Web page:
This summer, Garrabrant has an internship in Jonesboro, Maine working for the Department of Marine Resources. He’s researching Atlantic salmon and identifying areas of temporal refuge for both adults and juveniles, since they seek out cooler water to avoid heat stress.
He started tagging fish at Stockton, and he’s not planning on stopping. “I plan to continue tagging striped bass long after college—for as long as I am able to fish for them,” he said.
The Stockton tagging group also works with Atlantic City youth through the New Angles for Success program to introduce local students to the fishing opportunities in their hometown.
“On the Atlantic City Boardwalk, we taught angling basics and techniques, aspects of beach and outdoor safety, the importance of the marine environment and its natural resources, as well as the importance of higher education,” Jared Handelman explained.
Aguiar’s course has applications beyond fishing. Johnson said, “Professor Aguiar has taught me a lot, while at the same time making me work to achieve goals, and has shown me that with a scientific mindset, you can optimize your results of fishing trips and anything else in life.”
A Stockton Osprey Leads Littoral Society Fish Tagging Program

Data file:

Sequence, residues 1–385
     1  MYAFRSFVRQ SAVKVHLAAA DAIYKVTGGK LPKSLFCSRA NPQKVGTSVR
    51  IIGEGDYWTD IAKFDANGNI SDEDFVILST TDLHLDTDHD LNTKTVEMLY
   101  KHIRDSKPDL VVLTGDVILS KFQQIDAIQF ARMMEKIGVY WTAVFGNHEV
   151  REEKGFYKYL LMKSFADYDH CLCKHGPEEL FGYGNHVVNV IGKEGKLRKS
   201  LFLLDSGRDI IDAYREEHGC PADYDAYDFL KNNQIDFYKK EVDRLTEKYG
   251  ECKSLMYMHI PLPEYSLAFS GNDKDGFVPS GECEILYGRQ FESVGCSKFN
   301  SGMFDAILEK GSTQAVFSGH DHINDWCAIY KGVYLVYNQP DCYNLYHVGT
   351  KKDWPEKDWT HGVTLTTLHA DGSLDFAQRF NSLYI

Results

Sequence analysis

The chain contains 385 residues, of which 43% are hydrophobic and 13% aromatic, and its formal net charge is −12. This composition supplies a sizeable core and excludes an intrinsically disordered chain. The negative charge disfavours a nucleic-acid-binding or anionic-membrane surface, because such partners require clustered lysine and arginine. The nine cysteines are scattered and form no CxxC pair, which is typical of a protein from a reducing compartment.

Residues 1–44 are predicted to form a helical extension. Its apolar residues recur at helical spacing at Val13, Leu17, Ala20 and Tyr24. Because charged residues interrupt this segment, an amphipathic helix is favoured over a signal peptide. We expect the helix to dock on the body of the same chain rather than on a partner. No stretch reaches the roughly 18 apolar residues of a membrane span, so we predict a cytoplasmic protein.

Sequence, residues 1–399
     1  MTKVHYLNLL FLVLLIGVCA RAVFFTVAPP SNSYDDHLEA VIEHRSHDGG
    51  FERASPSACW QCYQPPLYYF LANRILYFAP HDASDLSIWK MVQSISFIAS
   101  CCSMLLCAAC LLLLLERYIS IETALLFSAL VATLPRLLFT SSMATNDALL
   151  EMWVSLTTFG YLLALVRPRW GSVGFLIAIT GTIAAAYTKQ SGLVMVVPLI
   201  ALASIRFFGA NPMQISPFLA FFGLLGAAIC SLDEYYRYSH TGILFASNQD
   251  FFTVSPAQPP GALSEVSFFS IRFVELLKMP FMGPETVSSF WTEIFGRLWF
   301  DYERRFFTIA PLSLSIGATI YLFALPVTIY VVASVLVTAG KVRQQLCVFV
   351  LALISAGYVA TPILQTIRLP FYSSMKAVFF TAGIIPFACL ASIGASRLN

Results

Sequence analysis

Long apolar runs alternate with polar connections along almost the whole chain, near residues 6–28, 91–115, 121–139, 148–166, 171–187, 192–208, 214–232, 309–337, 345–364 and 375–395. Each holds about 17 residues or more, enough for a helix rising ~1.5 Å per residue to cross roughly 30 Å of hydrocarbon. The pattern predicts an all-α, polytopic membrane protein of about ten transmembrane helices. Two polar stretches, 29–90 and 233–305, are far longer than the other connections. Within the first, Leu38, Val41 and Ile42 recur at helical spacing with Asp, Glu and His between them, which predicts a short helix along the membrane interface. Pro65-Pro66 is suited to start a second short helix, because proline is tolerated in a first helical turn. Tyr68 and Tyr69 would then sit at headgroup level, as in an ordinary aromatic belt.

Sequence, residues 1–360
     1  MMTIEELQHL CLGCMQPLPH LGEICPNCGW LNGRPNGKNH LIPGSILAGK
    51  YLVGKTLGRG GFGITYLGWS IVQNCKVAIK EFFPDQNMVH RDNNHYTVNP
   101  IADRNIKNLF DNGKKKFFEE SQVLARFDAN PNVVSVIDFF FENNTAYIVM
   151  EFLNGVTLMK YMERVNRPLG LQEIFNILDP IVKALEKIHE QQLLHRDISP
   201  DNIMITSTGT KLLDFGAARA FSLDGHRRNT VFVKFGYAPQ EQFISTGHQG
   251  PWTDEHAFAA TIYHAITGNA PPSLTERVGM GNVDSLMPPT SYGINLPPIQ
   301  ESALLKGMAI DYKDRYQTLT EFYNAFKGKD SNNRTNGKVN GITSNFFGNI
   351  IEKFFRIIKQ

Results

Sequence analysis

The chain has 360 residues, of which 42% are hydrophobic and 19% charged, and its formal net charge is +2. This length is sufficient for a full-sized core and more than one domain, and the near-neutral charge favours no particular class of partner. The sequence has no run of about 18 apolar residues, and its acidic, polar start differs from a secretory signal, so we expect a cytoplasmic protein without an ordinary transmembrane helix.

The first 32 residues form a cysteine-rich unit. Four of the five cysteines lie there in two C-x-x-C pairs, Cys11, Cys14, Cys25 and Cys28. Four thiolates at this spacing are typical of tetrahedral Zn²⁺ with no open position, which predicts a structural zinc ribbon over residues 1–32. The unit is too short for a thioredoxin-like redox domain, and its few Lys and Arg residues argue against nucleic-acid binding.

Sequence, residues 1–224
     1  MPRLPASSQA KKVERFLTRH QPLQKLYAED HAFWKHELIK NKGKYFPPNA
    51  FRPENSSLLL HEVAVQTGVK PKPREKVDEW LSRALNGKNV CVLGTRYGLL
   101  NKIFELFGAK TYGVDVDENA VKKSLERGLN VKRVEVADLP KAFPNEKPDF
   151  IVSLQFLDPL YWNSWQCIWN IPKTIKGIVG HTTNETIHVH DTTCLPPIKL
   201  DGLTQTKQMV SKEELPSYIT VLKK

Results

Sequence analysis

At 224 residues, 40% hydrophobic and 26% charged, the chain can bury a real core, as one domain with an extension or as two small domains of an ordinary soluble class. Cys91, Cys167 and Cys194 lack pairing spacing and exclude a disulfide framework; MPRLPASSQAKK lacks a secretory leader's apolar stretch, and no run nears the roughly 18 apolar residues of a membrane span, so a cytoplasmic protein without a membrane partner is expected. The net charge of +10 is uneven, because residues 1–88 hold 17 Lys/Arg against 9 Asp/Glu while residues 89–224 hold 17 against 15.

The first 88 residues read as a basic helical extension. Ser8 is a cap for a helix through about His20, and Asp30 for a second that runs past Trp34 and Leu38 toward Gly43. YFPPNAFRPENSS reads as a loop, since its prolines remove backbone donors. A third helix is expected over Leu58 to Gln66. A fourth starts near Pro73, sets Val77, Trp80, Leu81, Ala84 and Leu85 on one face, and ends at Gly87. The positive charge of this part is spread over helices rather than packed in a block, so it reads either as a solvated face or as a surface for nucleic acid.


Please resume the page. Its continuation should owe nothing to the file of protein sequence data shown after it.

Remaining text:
Emily McGuckin, a 2018 Marine Science graduate who is now the fish tagging program director for the American Littoral Society, was excited when Aguiar reached out to involve students in tagging.
She met the Stockton team on the Littoral Society’s annual fluke tagging trip last summer, which became a memorable learning experience for the students.
“On the trip, I really got to know Dr. Aguiar and the other kids in the program, who would soon become some of my closest friends,” recalled Grant Johnson.
Having a group of anglers fishing near Stockton as well as their hometowns provides data that covers a lot of territory, McGuckin explained.
The program she now directs has tagged about 967,000 fish since it started in 1965. The data, which is sent to the National Marine Fisheries Service at Woods Hole and the Atlantic States Marine Fisheries Commission, is showing evidence that “fish are starting to migrate north due to the warming temperatures,” she explained.
Scientists use the data to make decisions on fishing rules and regulations for populations in specific locations.
As a student, McGuckin got research experience with a Stacy Moore Hagan Memorial Scholarship internship and a fish tagging internship with the Littoral Society.
“They might not know it, but Mark Sullivan and Anna Pfeiffer-Herbert helped me figure out what I was looking for. I wouldn’t be here at the Littoral Society if I hadn’t gone to Stockton,” she said.
McGuckin has come full circle and is now sharing her knowledge as an intern supervisor for Emily Zembricki, a senior Marine Science major at Stockton.
The most exciting days are still ahead as McGuckin and the research team patiently await recapture data.
Story by Susan Allen
Photos by Adam Aguiar and the tagging researchers